The legacy Collins leaves started in his childhood basement in Pittsburgh. Collins said he dreamed of being a PA announcer at a young age and would often pretend to introduce the starting lineups for the Pittsburgh Pirates.
Collins remembers his father taking him to Notre Dame games at the University of Pittsburgh throughout childhood. He graduated from Notre Dame in 1967 and worked locally at WNDU-TV as a news anchor and reporter for 27 years and later at WSBT-TV for 10 years.
“For years growing up, the only thing I knew was listening to Notre Dame on the radio,” Collins said. “I didn’t even know where South Bend, Ind., was. I eventually found out when I got here for the first time, I couldn’t pronounce Mishawaka. Then it became part of my entire adult life. All of my adult life, there has been a connection to Notre Dame. That is the difficult thing for me. But I’m leaving with my head high.”
Because of the COVID-19 pandemic, Collins hosted his last game in front of the smallest crowd in Notre Dame Stadium history (6,831 fans). Attendance had been capped at 15,525 all season in the 77,622-seat facility.
With Notre Dame’s students done for the fall semester, attendance against Syracuse was limited to just faculty, staff and the immediate members of their households as well as players’ families.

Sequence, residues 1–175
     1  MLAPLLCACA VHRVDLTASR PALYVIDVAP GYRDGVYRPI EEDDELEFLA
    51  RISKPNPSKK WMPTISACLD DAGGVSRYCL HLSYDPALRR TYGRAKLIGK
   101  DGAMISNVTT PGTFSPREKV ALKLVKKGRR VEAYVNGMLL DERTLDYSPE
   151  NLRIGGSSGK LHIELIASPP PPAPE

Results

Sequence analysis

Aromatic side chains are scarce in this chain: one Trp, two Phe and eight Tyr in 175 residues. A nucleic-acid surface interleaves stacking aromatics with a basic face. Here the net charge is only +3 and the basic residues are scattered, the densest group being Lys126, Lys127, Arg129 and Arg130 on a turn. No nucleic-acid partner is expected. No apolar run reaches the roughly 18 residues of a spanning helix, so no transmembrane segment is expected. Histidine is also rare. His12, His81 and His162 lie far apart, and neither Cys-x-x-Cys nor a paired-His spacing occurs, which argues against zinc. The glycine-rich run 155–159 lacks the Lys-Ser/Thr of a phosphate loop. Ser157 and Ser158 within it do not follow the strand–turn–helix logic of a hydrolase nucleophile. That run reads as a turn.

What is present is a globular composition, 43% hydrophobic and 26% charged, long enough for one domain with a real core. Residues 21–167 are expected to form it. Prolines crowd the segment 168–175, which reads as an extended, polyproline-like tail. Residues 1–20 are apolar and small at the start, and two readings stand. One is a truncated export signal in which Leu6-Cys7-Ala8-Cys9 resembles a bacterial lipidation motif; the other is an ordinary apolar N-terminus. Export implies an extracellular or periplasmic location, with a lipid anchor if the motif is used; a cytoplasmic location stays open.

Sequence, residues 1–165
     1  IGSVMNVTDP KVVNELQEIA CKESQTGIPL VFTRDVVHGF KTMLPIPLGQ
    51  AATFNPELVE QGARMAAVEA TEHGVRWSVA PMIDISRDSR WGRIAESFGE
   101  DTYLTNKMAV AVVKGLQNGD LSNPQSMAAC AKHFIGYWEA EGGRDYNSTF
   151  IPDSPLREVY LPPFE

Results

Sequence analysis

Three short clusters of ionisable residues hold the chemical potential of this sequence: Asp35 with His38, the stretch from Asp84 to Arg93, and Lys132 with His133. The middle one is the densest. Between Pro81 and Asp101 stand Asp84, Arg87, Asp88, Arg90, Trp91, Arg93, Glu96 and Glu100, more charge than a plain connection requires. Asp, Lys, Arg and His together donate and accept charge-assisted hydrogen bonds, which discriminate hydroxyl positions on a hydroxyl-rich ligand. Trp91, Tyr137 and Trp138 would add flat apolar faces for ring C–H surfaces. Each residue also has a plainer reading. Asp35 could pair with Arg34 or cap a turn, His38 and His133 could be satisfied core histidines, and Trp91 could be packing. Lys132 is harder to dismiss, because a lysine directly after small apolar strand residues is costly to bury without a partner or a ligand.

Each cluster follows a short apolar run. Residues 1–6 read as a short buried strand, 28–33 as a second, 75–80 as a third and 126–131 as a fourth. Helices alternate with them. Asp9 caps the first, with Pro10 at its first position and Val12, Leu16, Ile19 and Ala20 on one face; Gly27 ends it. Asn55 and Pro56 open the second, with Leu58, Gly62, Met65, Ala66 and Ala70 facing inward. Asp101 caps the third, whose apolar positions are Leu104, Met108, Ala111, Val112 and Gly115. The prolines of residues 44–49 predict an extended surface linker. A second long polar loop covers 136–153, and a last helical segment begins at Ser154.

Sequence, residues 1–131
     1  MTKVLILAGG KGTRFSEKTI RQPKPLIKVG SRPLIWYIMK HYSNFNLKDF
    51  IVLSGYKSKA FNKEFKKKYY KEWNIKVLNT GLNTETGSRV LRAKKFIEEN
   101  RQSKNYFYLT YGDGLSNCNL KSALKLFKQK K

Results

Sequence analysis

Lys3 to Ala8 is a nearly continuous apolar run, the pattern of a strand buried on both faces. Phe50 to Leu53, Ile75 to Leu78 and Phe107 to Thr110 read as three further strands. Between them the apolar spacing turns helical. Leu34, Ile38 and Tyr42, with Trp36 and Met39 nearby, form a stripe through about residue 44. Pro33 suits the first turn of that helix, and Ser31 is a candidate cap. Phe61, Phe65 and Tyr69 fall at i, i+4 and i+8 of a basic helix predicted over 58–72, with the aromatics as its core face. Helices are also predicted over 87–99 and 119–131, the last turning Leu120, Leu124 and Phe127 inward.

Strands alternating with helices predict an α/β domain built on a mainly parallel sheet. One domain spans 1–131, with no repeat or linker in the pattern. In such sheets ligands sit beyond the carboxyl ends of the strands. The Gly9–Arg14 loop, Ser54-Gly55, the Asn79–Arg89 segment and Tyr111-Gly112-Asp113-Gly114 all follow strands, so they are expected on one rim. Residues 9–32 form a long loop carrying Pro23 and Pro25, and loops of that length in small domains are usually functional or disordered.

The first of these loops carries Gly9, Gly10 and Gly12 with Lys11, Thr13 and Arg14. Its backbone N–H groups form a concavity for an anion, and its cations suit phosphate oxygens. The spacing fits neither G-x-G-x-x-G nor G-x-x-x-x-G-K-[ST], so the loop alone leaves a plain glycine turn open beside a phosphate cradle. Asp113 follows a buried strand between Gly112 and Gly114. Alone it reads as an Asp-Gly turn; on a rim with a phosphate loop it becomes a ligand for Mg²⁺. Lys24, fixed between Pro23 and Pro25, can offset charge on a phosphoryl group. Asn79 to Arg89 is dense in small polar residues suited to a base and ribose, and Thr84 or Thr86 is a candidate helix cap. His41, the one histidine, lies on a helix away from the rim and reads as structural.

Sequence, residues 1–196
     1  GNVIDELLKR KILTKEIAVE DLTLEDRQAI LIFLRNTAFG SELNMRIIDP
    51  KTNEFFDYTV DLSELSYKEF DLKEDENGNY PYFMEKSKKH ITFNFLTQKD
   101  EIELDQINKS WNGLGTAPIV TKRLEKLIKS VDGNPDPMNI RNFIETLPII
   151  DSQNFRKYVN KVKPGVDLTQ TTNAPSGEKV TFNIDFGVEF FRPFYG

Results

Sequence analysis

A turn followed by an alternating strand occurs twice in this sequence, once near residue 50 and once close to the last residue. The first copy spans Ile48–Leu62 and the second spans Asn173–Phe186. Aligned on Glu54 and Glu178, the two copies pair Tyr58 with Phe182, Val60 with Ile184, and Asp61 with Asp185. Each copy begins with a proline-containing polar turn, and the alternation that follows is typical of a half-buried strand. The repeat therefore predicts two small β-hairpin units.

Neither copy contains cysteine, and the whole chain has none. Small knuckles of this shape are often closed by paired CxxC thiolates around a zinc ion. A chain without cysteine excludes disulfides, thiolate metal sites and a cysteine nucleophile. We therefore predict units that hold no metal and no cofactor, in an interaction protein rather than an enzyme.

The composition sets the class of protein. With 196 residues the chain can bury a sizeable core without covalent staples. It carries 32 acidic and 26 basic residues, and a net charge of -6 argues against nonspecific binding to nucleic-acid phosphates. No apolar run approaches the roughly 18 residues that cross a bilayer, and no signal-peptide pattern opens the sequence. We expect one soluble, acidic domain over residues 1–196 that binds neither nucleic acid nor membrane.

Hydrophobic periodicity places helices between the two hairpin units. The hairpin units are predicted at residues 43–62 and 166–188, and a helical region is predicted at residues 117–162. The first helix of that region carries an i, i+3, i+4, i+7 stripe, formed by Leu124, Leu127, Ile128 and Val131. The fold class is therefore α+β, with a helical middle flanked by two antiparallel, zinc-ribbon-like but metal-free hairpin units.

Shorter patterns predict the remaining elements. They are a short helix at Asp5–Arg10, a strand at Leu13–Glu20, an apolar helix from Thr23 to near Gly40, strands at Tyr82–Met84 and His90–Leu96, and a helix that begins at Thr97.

“Something like 285,000 of my fellow Americans have died from COVID-19,” Collins said. “Countless of thousands of others are either suffering with it or suffering because of their loved ones. Someone like me and the others who have not been directly touched by this have no right to whine or complain about anything. So a nearly empty stadium is nothing to whine or cry about.”
Instead, Collins will dwell on a few memories that stand out to him. He said his favorite experiences were from the Shamrock Series games.
“I did something that no one else has ever done,” Collins said. “I was the PA announcer for three of the most iconic buildings in American sports: Notre Dame Stadium, Yankee Stadium and Fenway Park. Nobody can say that.”
Whether Collins will remain attached to Notre Dame in some capacity remains to be seen. But he said he plans for his PA announcing days with the university to be over. He wants to support his successor. He wants those two standing ovations to be his last.
“The only scenario I can think of is whoever comes next gets sick or something and can’t do a game or two,” Collins said. “Then Notre Dame calls and says, ‘Can you fill in for them?’ I hope that doesn’t happen to a person. And it’s none of my business who they put in there.
“The only recommendation I’ve given if anybody has been listening is, if you are going to audition people, make sure you also audition some women. And it will be 2021, so it won’t kill you to audition some women too. But that’s their call all the way.”
Book makes Golden Arm watch list
Earlier his week, Book was named to the top 10 for the Johnny Unitas Golden Arm Award.
The Golden Arm recognizes the nation’s top senior or fourth-year quarterback. The winner will be announced on Dec. 21. Sam Ehlinger (Texas), Justin Fields (Ohio State), Mac Jones (Alabama), D’Eriq King (Miami), Trevor Lawrence (Clemson), Kellen Mond (Texas A&M), Brock Purdy (Iowa State), Kyle Trask (Florida) and Zach Wilson (BYU) also made the watch list. Book made the top 10 cut last year.